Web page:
Of all the animals of prey, man is the only sociable one.
Every one of us preys upon his neighbour, and yet we herd together.
The Beggar's Opera: John Gay

Tuesday, 1 June 2010

The Reel of the 51st Division

As a coda to the commemoration of Dunkirk, a letter in yesterday's Telegraph pays tribute to the men of the 51st Highland Division who held the defensive perimeter during the evacuation.

Following their capture and incarceration in Laufen POW camp, officers of the regiments kept up morale with a weekly dancing class and from this emerged the Reel of the 51st Division, now one of the most popular of the Highland reels.

Flushed with pride at their impressive creation, the officers decided to send details of the dance to their fellows back home. Tradition has it that the German camp censors believed the complicated instructions to be some kind of fiendish code and, to the delight of the Scots, spent many futile hours trying to decipher them.

Purists say it should be danced by men only, in honour of its creators, and would doubtless shudder at the way mixed sets would fill the dancefloor at parties in my youth (often as not incongruously sandwiched between 'Oliver's Army' and 'Tainted Love'), but there is much to be said in favour of a tradition being kept alive by the young -I hope it's still going on.

This amateur rendition of the more complicated double version should give some idea of what the German codebreakers were up against!


  1. My father was one of the original composers of the 51st reel music before it was 'lost', rewritten and claimed by others. He taught the pipes in POW camp (Eichenstatt in particular)raising morale by leading his pipe-band of which the Scotsman ran many pictures and stories during his and his fellow POW four year incarceration following their enforced surrender at St Valery en Caux. Their pipes were obtained through the Red Cross and exceptional donations by the piping world at home in Scotland. Google image 'Oflag pipe band' for a photo of my father's pipe band - he is far left front row. I am currently collating his story for inclusion in the Fort George Museum to accompany some of his POW artifacts already there.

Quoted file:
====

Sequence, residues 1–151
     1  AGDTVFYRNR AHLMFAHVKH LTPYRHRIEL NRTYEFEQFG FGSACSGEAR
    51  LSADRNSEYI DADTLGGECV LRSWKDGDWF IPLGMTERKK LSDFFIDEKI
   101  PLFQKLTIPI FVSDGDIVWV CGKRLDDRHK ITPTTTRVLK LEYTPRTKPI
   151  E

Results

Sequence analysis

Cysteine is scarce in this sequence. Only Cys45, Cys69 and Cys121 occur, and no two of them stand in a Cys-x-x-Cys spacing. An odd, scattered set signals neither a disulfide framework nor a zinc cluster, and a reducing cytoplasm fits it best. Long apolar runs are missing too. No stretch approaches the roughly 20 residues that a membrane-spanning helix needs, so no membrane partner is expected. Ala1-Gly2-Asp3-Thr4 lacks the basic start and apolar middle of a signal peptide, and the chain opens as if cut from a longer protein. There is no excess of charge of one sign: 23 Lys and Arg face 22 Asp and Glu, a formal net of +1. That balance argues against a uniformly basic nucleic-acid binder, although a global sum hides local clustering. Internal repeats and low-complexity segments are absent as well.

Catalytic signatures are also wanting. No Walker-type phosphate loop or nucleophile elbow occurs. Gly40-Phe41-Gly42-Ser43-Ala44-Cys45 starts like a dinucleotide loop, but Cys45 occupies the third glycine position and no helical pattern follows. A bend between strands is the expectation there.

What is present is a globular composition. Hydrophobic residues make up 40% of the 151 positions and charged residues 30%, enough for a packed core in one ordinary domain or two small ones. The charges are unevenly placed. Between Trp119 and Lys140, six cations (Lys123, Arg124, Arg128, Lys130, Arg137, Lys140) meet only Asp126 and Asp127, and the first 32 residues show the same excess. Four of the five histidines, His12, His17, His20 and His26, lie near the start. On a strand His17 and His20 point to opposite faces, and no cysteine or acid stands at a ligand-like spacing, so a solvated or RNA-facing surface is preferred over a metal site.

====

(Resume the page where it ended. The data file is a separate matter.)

2. Pressed 'submit' too soon - should read Eichstatt POW camp.

  3. Thanks, Clarinda; there's a link here to the photo and associated web page.

  4. I would love to be in touch with you Clarinda as I am helping someone who was (when captured at St Valery) the youngest officer POW in captivity to write his memoirs. We have quite a bit of information on the creation of the Reel of the 51st both coming from original sources in the prisons and on the home front. My email is kate.oldfield@btinternet.com
    thank you